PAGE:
There has never been a better time for businesses to invest in local search. Driven by the rapid growth in mobile and smartphone adoption, local search is now crucially important for business. Not only are more and more people searching locally; they’re also buying locally too. Google’s own research clearly shows that people use search engines to find local businesses they want to buy from:
- 80 per cent of consumers use search engines to find local information.
- Fifty per cent of consumers who conducted a local search on their smartphone visited a store within a day: only 34 per cent of customers conducting a search via desktop visited a store on the same day.
- Eighteen per cent of local searches on smartphones lead to a purchase within a day: only 7 per cent of non-local searches lead to a same-day purchase.
So if you run an online business it’s important that you promote your business locally. Optimising your site for the local market will not only help with your search engine ranking: it can also help to drive sales. But how can you attract and convert more local searchers? Well, you can start by applying these 3 tried and trusted strategies for starters:
Write quality locally-focused content
Most discussions about improving business localusually focus on topics like local directories, maps and citations. Whilst all of these are important, they are the same topics all your local competitors will also be focusing on. Yes, they may be important, but they won’t give you an edge. So what can you do to give your business an advantage? Well, you’ll need to create quality content, but it’s important that this content is locally-focused.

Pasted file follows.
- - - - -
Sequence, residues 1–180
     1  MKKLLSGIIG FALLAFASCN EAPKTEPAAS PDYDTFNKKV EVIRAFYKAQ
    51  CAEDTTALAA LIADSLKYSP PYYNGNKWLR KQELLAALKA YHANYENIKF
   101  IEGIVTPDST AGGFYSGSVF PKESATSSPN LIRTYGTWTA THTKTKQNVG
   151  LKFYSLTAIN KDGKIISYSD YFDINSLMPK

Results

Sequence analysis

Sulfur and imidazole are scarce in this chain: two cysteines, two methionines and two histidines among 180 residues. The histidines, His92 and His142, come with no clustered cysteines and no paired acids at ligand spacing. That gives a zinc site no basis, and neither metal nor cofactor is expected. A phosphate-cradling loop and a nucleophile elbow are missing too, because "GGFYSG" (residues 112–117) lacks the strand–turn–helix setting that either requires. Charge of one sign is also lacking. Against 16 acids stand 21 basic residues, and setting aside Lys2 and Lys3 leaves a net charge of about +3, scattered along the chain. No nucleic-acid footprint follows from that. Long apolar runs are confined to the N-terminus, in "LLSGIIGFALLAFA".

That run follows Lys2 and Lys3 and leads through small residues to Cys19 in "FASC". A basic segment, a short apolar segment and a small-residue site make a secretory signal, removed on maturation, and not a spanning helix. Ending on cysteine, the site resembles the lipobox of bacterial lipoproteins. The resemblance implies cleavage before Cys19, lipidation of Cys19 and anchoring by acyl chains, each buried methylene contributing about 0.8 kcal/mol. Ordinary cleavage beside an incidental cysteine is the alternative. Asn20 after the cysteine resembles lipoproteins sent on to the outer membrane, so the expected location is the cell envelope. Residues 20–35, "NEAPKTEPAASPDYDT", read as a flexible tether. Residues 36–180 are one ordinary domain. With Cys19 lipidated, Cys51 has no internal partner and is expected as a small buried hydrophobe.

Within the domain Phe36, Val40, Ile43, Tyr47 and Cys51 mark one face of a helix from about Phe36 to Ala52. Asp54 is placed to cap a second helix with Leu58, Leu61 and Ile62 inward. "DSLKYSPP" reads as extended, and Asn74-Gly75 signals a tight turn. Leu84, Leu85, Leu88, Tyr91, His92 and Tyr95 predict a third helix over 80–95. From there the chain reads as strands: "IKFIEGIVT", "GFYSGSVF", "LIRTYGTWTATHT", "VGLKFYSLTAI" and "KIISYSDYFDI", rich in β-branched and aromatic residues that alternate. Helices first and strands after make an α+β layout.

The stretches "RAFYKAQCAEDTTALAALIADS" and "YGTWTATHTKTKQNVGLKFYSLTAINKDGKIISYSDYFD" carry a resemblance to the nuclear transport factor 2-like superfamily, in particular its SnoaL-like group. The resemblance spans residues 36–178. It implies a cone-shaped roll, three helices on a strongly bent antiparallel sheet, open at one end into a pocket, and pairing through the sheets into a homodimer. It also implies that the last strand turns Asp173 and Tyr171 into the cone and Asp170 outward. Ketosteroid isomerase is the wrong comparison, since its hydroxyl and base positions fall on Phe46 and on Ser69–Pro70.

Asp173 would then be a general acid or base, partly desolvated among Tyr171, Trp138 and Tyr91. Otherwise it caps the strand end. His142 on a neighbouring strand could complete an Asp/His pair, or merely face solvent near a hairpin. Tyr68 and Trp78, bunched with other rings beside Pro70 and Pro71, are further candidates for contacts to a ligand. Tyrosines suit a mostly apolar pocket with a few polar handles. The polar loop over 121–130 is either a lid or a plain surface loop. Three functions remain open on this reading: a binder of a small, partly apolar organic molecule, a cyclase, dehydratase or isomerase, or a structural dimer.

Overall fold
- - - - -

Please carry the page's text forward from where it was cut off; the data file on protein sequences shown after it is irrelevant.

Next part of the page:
What exactly is meant by locally-focused content? Well, it simply means content based around the local area: content that also informs readers and educates them about specific local issues, problems and needs that they may have. What’s the best way of creating this type of content? Well, the simplest way is to write articles and posts about your local area, your niche and how the products and services you provide service the community’s needs. If you’ve got a great new product for the local market, or are planning on doing something that will benefit the local community, then make sure you spread the word. Look to your customers for inspiration: interview them and get their opinions, share stories and talk about the relationships you’ve built in the area. Be person and personable with your readers and connect with them. If you engage with your locality, they’ll engage with you in turn.
Use maps, directories and citations
It’s important for local businesses to claim their place on Google Maps through Google My Business. They help potential customers find you. However, Google My Business is only one of hundreds of listing sites for local businesses: Yelp. Yahoo Business, , MapQuest and Yellow Pages to name just a few. The trick is to find the ones that are most relevant to your business. Once you’ve identified these listings, business directories and map services, claim your place and register your business information. Make sure your name, address and telephone number are correct and that this information is consistent across all of your dealings on the web. Inaccuracies will only confuse customers and search engines.
Build local links
Link building is one of, if not the most important factor when it comes to SEO. However, some backlinks carry more authority than others. Directory listings are useful and are given weight by search engines, but when all is said and done, they are inferior to organic backlinks. Where do you find quality backlinks? Well, start by looking through local sites that contain local directories. Identify the sites with authority, and ask to be added. Join local clubs and organisations like the Rotary Club and the local Chamber of Commerce. By joining you’ll show that you are connected to your local community and you’ll increase your chances of bagging a quality backlink. However, it’s important that you only link to, or get backlinks from, sites you really want to be associated to, and sites that are relevant to your business contextually.